host statement scope rules (ISC DHCP 3.0.5b1)

Sten Carlsen sten at
Fri Jul 28 17:20:25 UTC 2006

I was just thinking: wouldn't it be much clearer if host {} records
could only be accepted in the global scope by syntax. I.e. the config
file would be rejected if any host declarations were found inside any
subnet or other places where it does not belong (by the arguments in
this thread).

David W. Hankins wrote:
> On Fri, Jul 28, 2006 at 10:56:37AM +0200, Phil Pennock wrote:
>> On 2006-07-27 at 15:30 -0700, David W. Hankins wrote:
>>> 			Changes since 3.0.4
>>> - A warning that host statements declared within subnet or shared-network
>>>   scopes are actually global has been added.
>> Whilst the host statement is matched at a global level, aren't
>> attributes such as lease time values inherited based upon syntactic
>> scope rather than address/netblock matching rules?
> No, that's not correct.
> A host {} record declared within a subnet {} clause acts no
> different from the same record, the same syntax, the same
> letters, being declared in the global (or another subnet's)
> scope.
> That there was ever any association between host records and
> the specific location they appear in a configuration file is
> the myth this warning seeks to absolve.
>> We have generated configs which use host statements inside subnet
>> scopes, knowing full well that the host statements are matched globally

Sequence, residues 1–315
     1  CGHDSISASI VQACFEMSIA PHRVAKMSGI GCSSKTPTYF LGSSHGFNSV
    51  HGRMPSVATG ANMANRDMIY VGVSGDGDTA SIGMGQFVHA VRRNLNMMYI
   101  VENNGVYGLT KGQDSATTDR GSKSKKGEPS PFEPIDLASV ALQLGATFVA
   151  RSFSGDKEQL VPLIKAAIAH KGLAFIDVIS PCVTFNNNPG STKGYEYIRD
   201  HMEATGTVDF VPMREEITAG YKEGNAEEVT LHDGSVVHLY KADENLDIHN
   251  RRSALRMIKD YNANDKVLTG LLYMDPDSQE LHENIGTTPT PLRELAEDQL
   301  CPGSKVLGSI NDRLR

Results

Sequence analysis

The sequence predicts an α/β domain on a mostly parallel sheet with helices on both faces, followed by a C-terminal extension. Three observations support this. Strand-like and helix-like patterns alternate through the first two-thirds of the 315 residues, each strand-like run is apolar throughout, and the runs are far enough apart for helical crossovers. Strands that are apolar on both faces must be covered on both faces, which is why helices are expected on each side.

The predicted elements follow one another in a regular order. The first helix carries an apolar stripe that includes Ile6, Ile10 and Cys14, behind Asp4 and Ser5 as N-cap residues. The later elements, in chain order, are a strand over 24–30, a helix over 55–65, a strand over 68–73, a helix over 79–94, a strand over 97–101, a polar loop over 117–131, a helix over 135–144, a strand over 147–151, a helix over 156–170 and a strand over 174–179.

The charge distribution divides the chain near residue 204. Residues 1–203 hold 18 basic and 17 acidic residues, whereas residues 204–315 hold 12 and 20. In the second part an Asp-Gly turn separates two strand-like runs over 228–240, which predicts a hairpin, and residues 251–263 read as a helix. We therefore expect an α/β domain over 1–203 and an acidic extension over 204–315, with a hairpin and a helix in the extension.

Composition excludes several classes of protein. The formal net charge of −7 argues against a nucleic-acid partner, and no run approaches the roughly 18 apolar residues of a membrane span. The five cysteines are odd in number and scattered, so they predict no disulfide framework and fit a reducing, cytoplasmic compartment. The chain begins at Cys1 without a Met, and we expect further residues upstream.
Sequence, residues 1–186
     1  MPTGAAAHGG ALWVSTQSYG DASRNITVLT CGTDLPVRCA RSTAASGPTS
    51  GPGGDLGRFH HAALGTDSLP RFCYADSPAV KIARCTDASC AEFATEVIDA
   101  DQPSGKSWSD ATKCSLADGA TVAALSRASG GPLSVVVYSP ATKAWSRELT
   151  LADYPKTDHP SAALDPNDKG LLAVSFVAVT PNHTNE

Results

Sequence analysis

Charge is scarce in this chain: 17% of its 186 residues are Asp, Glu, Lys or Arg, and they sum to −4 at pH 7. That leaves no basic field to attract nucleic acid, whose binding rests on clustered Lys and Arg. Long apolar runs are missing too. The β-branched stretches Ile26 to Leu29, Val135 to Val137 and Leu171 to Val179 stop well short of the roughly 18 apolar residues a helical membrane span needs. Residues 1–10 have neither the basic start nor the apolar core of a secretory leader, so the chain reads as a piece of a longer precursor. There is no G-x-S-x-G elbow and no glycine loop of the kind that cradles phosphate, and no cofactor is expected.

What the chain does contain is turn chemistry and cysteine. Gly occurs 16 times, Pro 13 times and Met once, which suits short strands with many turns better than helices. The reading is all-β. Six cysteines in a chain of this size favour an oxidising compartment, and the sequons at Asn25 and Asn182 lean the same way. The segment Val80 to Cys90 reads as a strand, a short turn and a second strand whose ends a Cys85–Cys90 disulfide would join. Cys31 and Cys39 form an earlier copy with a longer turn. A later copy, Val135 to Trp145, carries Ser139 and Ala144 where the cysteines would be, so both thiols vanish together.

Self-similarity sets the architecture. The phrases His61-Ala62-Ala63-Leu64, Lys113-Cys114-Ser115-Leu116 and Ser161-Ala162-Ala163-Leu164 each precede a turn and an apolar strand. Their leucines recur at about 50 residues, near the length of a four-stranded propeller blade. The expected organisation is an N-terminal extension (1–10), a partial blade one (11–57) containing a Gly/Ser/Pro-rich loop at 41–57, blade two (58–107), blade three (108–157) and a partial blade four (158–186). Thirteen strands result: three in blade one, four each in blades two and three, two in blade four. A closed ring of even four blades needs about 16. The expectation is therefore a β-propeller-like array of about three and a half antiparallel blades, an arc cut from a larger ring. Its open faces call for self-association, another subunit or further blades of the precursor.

>> but wanting to be able to inherit values based upon which relay server
>> sent data to us.
> You've got this backwards.  The host records are found that match
> the subnet (fixed-address clauses that lie within the subnet
> boundaries).
> So the subnet is found (and used) long before a host record is even
> looked for.
>> If ISC's dhcpd is inheriting values based upon address matching, then
>> can someone please state if this has always been the case and, if not,
>> which version introduced it?
> As far as I'm aware, it has always been the case in 3.0.x.  I
> think the behaviour is new in 3.0, that is I think 2.0 behaved
> differently.  But I'm not an expert on 2.0, I just vaguely recall
> hearing something about it.
> In truth, non-global host records should probably never have been
> legal syntax.  It's less troublesome to produce a warning than to
> make the syntax illegal now that it's fairly common practice.

Best regards

Sten Carlsen

No improvements come from shouting:


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